Photo by Christian Miller / Parley for the Ocean

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A Reader’s View ‘Cars’, Portishead, Somerset Photo by Gary Read

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It’s often said that drones can offer a unique perspective on things and that’s certainly the case with this great shot sent in by Gary Read (we could have renamed this section ‘A Read’s View’!). Taken “in a car park adjacent to a local dock” at ground-level it would be a fairly dull setting, but once you take to the skies – as Gary did with his Mavic Pro – then the aerial view offers something far more interesting. “The drone was at about 300 feet,” Gary told us, “and I love the patterns that the cars make.”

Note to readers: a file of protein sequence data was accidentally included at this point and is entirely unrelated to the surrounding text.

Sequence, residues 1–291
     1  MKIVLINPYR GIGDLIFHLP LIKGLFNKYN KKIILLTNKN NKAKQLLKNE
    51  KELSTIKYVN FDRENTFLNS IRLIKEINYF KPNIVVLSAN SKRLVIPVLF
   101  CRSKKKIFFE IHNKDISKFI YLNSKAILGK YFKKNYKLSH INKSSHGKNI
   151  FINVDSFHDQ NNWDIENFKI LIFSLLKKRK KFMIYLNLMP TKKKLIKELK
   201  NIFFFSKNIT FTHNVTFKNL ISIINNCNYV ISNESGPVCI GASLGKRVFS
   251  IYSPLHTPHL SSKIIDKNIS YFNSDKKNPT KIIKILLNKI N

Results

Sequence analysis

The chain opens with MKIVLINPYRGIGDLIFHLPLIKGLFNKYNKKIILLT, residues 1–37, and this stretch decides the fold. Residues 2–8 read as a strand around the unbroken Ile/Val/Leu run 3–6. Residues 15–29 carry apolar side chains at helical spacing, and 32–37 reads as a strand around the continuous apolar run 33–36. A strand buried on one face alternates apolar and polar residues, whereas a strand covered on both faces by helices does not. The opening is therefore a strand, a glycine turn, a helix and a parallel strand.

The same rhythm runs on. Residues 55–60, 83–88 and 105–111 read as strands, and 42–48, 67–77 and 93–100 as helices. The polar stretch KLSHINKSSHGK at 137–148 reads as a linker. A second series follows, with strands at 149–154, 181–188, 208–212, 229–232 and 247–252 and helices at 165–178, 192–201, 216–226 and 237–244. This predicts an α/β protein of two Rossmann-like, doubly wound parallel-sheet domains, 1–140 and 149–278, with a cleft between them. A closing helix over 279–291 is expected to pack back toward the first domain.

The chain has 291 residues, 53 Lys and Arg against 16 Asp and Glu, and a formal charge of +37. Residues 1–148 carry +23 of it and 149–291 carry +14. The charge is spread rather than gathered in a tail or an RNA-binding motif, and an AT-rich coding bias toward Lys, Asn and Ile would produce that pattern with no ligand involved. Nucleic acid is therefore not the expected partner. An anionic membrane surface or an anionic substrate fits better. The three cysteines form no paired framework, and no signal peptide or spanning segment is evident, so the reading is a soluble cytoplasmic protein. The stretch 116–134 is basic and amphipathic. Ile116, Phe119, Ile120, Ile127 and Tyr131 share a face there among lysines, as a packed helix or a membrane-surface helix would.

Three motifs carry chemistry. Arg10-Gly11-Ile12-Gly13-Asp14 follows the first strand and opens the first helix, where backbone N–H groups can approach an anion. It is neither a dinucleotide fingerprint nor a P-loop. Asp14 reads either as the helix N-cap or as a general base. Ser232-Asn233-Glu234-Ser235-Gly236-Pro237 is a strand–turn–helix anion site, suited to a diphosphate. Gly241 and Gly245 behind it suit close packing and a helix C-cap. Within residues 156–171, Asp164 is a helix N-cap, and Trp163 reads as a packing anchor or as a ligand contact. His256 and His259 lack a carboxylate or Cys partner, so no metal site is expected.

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If you’d like to get one of your own photos into the magazine – and by submitting a shot for us to use, you are acknowledging that it is your own work and property – then email us at dronemaguk@gmail.com, along with the photo (in the best resolution possible) and perhaps give us a few details about what’s in the shot and why or how you took it. Maybe your favourite photo could be gracing these pages in our next issue!

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The Xmas

Factor I